nameless taxonomy (Re: Time to update taxonomy?)

Doug Yanega dyanega at POP.UCR.EDU
Fri Jan 31 11:16:20 CST 2003


Wolfgang Wuster wrote

>The real crux of the matter is that if all these DNA sequences are
>to mean anything other than simply existing as a nice bunch of
>sequences in a computer, then they will have to be related to a real
>organism, i.e., a specimen. For that specimen to be of any use, we
>need morphological taxonomists who know what they are looking at.
>
>A bunch of DNA sequences without an organism to relate them to is of
>no use whatsoever to anyone.

That is not true. What Hebert is proposing is nameless taxonomy. Each
organism would be known only by its DNA sequence, or an arbitrary
code number, so no one would actually need any specimens, nor a
scheme of classification. Relationships would be determined by
sequence divergence, giving a tidy cladogram, and the problem of
specimens would be resolved by taking a photo of each organism before
it was sequenced. After all, many microscopic taxa (including a vast
number of insects) will be completely destroyed in the process of
sequencing. It is therefore a matter akin to Heisenberg's Uncertainty
Principle: in order to identify an organism, you must obliterate it,
and can no longer have that specimen to examine - but you know what
it *was* before you destroyed it. If you want to keep a specimen, or
allow an organism to keep on living while you observe its behavior,
you will often have no way of knowing what it is. Moreover, nearly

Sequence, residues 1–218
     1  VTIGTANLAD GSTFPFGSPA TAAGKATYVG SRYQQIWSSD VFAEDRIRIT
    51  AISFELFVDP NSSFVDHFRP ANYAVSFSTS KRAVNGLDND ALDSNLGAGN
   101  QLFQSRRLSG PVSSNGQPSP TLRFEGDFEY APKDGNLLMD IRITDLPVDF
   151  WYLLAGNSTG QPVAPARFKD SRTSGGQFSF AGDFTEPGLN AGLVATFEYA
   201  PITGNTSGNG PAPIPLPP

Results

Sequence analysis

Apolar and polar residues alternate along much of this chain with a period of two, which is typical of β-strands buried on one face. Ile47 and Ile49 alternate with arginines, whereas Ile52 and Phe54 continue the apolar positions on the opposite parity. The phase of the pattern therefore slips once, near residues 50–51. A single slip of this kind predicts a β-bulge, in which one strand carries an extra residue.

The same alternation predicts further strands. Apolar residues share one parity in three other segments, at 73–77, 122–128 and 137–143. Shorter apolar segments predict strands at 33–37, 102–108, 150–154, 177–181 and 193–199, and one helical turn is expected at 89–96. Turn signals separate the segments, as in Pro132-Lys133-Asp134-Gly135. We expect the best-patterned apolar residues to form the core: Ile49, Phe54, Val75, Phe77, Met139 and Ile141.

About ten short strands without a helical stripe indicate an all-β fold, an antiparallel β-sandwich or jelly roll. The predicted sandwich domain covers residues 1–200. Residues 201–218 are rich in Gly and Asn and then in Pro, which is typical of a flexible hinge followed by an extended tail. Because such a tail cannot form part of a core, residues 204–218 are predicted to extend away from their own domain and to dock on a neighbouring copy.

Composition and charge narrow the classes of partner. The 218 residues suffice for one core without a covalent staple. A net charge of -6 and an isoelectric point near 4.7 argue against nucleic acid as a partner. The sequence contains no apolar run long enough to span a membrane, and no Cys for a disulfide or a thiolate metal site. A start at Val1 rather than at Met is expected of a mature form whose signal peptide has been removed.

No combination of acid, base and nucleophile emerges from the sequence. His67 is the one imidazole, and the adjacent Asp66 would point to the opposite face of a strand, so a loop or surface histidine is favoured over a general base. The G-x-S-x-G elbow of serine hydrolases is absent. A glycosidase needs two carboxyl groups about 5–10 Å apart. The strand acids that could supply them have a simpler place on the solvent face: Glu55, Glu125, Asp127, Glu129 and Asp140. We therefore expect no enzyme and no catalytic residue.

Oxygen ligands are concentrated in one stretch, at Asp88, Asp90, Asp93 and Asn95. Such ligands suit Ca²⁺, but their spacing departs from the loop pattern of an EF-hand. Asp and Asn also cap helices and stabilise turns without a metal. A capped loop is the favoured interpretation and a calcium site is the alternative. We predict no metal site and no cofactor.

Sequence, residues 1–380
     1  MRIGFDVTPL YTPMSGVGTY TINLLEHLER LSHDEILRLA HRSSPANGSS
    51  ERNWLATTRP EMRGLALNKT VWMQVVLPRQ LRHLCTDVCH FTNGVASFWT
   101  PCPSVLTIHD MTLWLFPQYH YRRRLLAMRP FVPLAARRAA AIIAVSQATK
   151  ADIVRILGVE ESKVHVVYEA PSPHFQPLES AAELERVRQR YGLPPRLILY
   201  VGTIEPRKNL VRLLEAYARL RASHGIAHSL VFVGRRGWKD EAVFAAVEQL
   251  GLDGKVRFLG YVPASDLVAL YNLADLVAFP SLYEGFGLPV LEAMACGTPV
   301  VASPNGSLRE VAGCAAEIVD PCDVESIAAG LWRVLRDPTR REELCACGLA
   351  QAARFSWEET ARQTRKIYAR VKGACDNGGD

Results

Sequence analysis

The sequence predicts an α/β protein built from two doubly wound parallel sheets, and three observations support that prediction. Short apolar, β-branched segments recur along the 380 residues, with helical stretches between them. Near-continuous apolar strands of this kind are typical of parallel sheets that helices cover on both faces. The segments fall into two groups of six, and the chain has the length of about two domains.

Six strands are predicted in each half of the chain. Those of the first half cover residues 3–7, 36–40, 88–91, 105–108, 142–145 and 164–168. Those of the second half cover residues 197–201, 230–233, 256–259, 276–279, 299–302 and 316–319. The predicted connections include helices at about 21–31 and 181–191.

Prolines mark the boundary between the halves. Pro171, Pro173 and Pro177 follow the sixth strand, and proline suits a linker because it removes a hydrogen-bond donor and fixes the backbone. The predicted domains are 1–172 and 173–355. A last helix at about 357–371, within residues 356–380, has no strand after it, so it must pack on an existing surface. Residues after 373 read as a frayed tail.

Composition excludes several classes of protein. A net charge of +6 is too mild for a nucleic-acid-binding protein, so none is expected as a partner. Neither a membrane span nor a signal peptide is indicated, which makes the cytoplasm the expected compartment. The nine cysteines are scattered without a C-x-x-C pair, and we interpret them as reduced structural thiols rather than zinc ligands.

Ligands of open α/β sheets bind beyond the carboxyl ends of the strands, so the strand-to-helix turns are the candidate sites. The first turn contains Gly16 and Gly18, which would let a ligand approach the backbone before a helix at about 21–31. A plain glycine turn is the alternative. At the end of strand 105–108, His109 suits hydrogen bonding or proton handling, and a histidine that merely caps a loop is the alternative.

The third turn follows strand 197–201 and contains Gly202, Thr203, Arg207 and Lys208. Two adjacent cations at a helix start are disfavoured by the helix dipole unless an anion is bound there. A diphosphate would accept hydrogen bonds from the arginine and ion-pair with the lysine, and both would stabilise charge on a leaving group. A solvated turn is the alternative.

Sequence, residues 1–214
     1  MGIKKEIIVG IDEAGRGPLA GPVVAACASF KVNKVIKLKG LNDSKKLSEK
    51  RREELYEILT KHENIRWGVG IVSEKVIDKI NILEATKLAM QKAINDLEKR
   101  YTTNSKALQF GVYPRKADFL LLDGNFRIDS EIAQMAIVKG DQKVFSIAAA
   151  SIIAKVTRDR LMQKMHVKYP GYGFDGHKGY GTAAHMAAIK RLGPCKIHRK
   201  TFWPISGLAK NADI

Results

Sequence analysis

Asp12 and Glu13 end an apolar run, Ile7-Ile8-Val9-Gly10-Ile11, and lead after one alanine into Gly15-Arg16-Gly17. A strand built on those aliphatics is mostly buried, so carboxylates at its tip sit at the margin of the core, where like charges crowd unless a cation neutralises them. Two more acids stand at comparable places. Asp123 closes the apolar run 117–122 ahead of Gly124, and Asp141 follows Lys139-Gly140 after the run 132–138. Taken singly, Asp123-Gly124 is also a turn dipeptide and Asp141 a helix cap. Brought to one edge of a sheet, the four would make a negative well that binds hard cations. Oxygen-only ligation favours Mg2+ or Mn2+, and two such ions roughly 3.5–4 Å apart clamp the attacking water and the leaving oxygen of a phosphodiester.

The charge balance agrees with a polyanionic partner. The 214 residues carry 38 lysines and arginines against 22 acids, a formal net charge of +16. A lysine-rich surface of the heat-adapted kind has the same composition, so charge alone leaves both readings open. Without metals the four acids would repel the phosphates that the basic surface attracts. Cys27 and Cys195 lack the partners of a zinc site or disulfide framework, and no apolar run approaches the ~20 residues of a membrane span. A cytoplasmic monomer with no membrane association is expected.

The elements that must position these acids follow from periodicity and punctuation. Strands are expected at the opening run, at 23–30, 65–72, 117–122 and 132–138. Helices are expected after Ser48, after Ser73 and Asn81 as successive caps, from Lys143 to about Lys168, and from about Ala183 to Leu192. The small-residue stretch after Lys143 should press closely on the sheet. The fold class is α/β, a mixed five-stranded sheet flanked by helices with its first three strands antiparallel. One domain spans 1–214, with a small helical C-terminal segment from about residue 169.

every specimen in every museum in the world will, in Dr. Hebert's
Taxonomic Utopia, be totally worthless and irrelevant, since
virtually NONE will be possible to sequence, and effectively none of
the past 300 years of biological literature (outside of vertebrates)
would be of any value, since no one could be sure which organism any
given work was actually referring to.

For all that we might object to such a proposal, it is - in
*principle* (i.e., assuming there weren't 500 trillion man-hours
required to build an exhaustive library, and his "20 years" figure
wasn't such complete lunacy) - a perfectly reasonable way for
non-taxonomist biologists to go about their business, IF they don't
mind dumping all past biological research in the trash and starting
from scratch. Think about it:

You have an organism, you sequence it, and you then link to a
database that tells you where and when other identical sequences have
been obtained, and any data that has been linked to those records. No
taxonomists involved, and all the information on that taxon is at
your fingertips. Brilliant.

If this technology had been available 250 years ago, then everything
would be fine, and any other approach would be inconceivable to us
now. Basically, then, the way to realize Dr. Hebert's vision is to
send him, and a sequencer laboratory (with an electric generator),
back in time to when Linnaeus started writing Systema Naturae, and
just re-write history (a la "Terminator"). If that isn't going to
happen, then he should just shut his fool mouth.

Sincerely,
--

Doug Yanega        Dept. of Entomology         Entomology Research Museum
Univ. of California - Riverside, Riverside, CA 92521
phone: (909) 787-4315 (standard disclaimer: opinions are mine, not UCR's)
            http://entmuseum9.ucr.edu/staff/yanega.html
   "There are some enterprises in which a careful disorderliness
         is the true method" - Herman Melville, Moby Dick, Chap. 82




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